How to identify a toxic domain and fix SEO problems arising from it | Pixel Kicks | Digital Agency Manchester

How to identify a toxic domain and fix SEO problems arising from it

3 mins read

LAST UPDATED 5th February 2024

PUBLISHED 7th December 2023

Avaris Ebike | How to identify a toxic domain name | SEO case study

Ever wondered if your domain name might be holding you back from getting those top rankings? Have you considered that your domain might be blacklisted or penalised by search engines? Let’s talk about how to spot a toxic domain name and what you can do about it.

In this post, we’re focusing on the SEO penalties and risks associated with toxic domain names. We’ll guide you through our experience identifying such problems and how we fixed them for a client.


Avaris offer two core products to the UK market: a stylish, lightweight electric road bike and an electric mountain bike. Deep analysis from our team found a historical issue with their domain that was causing a serious problem.

The brief

After nearly 12 months of solid SEO work involving content creation, technical SEO and link building, we found that our results were not in keeping with benchmark performance for similar campaigns. This prompted us to deep dive into all aspects of the campaign to identify any technical issues that may have been holding the campaign back.

Despite our best efforts, keyword ranking improvement was very slow.

Avaris - Road Ebike photography by Pixel Kicks

The approach

Using an online domain history tool we identified that the client’s then-current domain,, had been previously blacklisted by Google. Further research led to us discovering “Avaris Market”, an “alphabay style scam market” that advised users to “stay from at all costs”.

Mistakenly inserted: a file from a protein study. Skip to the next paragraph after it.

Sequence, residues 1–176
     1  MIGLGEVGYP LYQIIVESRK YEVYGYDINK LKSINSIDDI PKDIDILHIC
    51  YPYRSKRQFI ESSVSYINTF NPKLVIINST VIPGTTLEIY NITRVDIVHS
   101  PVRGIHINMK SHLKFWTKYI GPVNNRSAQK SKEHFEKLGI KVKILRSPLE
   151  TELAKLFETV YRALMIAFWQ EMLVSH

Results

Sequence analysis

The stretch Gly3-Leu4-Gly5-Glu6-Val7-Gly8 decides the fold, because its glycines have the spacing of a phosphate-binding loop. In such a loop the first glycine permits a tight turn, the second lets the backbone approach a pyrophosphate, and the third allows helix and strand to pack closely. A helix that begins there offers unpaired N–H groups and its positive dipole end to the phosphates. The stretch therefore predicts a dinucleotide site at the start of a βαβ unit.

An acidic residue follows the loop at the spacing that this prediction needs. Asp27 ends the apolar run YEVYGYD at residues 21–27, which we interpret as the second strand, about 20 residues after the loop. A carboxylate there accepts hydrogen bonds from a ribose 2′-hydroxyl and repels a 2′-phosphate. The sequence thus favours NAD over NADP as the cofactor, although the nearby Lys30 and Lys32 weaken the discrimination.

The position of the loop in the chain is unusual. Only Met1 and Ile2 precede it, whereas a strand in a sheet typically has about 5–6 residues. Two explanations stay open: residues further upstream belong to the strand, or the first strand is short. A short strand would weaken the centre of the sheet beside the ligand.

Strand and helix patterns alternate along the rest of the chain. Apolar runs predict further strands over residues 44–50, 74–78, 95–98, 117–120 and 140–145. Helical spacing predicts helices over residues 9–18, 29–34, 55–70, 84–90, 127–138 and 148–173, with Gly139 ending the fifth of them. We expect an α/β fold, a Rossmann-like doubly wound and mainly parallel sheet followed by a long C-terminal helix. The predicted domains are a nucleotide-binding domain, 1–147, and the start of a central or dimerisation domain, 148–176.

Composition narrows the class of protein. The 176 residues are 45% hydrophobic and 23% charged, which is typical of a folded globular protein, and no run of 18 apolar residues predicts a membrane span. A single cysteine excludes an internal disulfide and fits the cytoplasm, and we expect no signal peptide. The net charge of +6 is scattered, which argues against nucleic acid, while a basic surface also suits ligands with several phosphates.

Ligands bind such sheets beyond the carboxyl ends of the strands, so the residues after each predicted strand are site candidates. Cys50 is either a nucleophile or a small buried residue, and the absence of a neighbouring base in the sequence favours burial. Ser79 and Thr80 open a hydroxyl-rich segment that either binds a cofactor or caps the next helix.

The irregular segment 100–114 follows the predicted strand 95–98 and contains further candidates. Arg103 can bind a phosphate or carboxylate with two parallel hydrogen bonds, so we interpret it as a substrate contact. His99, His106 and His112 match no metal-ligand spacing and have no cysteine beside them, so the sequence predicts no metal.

We also found quite suspect ranking URLs in historical Semrush data for the domain, well before the client purchased the domain for themselves. The URLs were all PDF files of no known context or usage.

What is blacklisting?

When a website is added to a blacklist it means that Google has marked the website as not secure to visit. There are several reasons why you would think that a website has been blacklisted, and in this case, it was because we were not experiencing any keyword growth after 12 months of solid, best practice SEO campaigning.

Something was fundamentally wrong.

We deemed it plausible that Google had taken a zero-tolerance approach to this domain. Therefore we proposed that the website move to a new domain with redirections put in place.

Domain choice

We suggested a migration to the domain, combining the brand name with the core product keyword. A full rebrand of the company was not viable, nor was it necessary.

Redirection management

A copy of the live website was taken and uploaded onto The current site, on, was then taken down with permanent 301 redirects in place from the old domain to the new ones.

A 301 redirect is a permanent redirect that passes full link equity to the redirected page, perfect in this case as we were communicating a complete change of website address.

The results

Google rankings improvements were almost instant following the change of domain, which furthered our belief that there was a penalty held against the previous domain that was being used.

Year-on-year organic traffic growth since the domain change stands at 1,027%.

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